• Anna noted that she has no problem abandoning books, to which I ejaculated something about being a "quitter."

    • We inserted a 6A question here: What's the last book you read that kept you up finishing it?
      • Anna: Leaving the Saints
      • John: The Kite Runner
      • Kim: Stranger in a Strange Land
      • Sarah: She just turns off the light and gets to work on that one New Year's resolution of hers.

  7. Being asked to leave. Where? Why? When? What happened next?

    • Sarah was in charge of a bunch of drunks, and paid off the waitstaff before dragging her shit-faced friends away. I didn't capture the name and location of the place.

    • Kim was unofficially thrown out of Sammy's Tap & Grill for essentially the same reason. Her friends got to the point of throwing big glasses of water on each other.

    • Anna noted that as a bartender, she had people thrown out of her bar before.

    • I can't recall this ever happening to me, but that doesn't mean it hasn't.

  8. Dying to get tenure.

In closing, Sarah told us about a family tradition of making "naughty eyes" for a photo, which we all tried to do:



Immidiately aftewards, we all cracked up, which Andrew caught on film. We all agreed that we can't imagine anything that captures the spirit of salon better.... except a photo exactly like this one that includes Etta and Brad, of course. :-)

Comments

( 7 comments — Leave a comment )
(Anonymous)
Feb. 17th, 2010 08:10 am (UTC)
Ozmandias vs. A Stupendous Leg of Granite
Ozymandias is one of my favorites as well. Trivia fact about that poem: Shelley wrote it as part of a competition with Horace Smith to write a poem about the same subject. Smith's poem ended up with the title "On A Stupendous Leg of Granite, Discovered Standing by Itself in the Deserts of Egypt, with the Inscription Inserted Below"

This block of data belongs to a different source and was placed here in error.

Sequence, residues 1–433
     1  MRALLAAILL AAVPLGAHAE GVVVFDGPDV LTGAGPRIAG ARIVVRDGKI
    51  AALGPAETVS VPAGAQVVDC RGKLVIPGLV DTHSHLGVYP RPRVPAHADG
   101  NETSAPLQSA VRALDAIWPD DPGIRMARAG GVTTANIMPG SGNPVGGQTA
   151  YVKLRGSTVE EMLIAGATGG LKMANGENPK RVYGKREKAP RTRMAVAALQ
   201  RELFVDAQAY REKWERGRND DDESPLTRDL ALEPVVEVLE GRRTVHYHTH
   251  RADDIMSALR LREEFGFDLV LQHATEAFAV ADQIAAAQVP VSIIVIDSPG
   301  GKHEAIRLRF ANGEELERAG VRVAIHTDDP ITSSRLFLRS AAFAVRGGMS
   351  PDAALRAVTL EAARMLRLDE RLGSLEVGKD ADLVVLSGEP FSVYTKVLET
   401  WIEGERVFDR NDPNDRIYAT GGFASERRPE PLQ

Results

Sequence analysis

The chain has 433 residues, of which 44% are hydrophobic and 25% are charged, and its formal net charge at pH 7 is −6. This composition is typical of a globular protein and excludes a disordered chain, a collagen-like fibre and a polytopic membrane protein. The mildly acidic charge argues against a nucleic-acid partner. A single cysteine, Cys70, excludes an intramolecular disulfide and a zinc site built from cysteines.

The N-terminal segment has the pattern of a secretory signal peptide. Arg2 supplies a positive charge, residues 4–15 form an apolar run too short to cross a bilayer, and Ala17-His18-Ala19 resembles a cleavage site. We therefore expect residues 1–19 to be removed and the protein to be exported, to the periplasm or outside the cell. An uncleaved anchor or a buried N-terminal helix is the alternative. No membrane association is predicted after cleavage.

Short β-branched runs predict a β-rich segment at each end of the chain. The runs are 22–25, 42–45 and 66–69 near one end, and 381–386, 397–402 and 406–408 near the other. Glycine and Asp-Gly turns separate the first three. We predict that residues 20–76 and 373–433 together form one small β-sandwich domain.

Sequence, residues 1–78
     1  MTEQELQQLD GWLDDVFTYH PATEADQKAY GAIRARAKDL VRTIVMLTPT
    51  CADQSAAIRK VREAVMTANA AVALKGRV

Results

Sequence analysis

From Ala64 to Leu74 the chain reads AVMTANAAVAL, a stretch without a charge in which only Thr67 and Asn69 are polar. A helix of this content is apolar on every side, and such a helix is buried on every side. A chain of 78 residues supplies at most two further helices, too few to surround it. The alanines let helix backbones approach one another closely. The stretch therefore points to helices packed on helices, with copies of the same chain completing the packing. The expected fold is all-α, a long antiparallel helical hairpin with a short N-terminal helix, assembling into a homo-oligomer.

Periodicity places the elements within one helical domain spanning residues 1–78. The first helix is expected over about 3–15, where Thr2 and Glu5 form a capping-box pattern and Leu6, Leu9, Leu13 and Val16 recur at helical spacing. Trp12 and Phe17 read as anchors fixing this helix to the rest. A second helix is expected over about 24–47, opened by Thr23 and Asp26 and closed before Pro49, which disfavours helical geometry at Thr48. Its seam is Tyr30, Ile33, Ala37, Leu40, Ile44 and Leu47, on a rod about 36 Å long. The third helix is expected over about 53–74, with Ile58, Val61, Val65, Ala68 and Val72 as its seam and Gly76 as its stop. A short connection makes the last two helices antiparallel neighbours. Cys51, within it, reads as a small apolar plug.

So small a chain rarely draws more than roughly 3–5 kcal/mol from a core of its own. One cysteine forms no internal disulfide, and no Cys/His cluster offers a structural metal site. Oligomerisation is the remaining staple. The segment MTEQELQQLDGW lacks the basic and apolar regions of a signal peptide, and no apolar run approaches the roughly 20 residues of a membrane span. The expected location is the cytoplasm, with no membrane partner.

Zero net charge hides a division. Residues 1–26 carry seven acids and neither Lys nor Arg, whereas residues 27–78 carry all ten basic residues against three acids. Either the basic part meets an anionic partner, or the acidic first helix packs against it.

Will
dailyafirmation
Feb. 17th, 2010 02:08 pm (UTC)
Re: Ozmandias vs. A Stupendous Leg of Granite

How interesting! And you acquired this obscure backstory, how?

Thanks for reading and commenting, Will.

Edited at 2010-02-17 02:09 pm (UTC)
(Anonymous)
Feb. 17th, 2010 09:35 pm (UTC)
Re: Ozmandias vs. A Stupendous Leg of Granite
I think I heard it during an undergrad course on British literature, but I'm not entirely sure.
(Anonymous)
Feb. 18th, 2010 01:48 am (UTC)
from anna
Thanks for your thorough and thoroughly entertaining documentation of our conversations, John.

Been thinking about the books I've quit (or from which I've liberated myself, depending on how you look at it) and they're mostly things I felt like I should read (Gravity's Rainbow, Paradise Lost, Canterbury Tales, Beowulf). And then I thought about this book--- http://www.amazon.com/Beowulf-Beach-What-Literatures-Greatest/dp/0307409570/ref=wl_it_dp_o?ie=UTF8&coliid=I1U6LGF981E0GO&colid=3TI04BXBPR6PN ---which came from that salon-esque catalog I brought a few salons back, and which I apparently need badly.

And only because I've heard you say you don't mind minor corrections, my music taxonomy may not be tiny, but it's data quality issue is that it is not "tidy."

Now, off to shave my cats and make a muff. (Not only is that what she said, but she said it with naughty eyes.)

Love you ever and always!
anna
dailyafirmation
Feb. 18th, 2010 05:54 am (UTC)
Re: from anna

All fixed! I love you, Anna! Thanks for your constant and careful reading. Now back to muff-diving! :-) xxoo-j-
(Anonymous)
Feb. 18th, 2010 06:06 am (UTC)
Re: from anna
"Paradise Lost" is great, but only the parts in Hell. Lucifer has a way with convincing you that it's "better to reign in hell than serve in heaven," and the debates between demons are a good read.

The Heaven parts are predictably boring (as was probably the intention), because everyone obeys God and agrees with everything he says.

Ditto for "Canterbury Tales." Some parts are great, others are more boring. I had a good lit, teacher though, so we spent a lot of time analyzing the relationship between the tale and the teller.

Will
(Anonymous)
Feb. 18th, 2010 06:07 am (UTC)
Re: from anna
lit needed a period, not comma
( 7 comments — Leave a comment )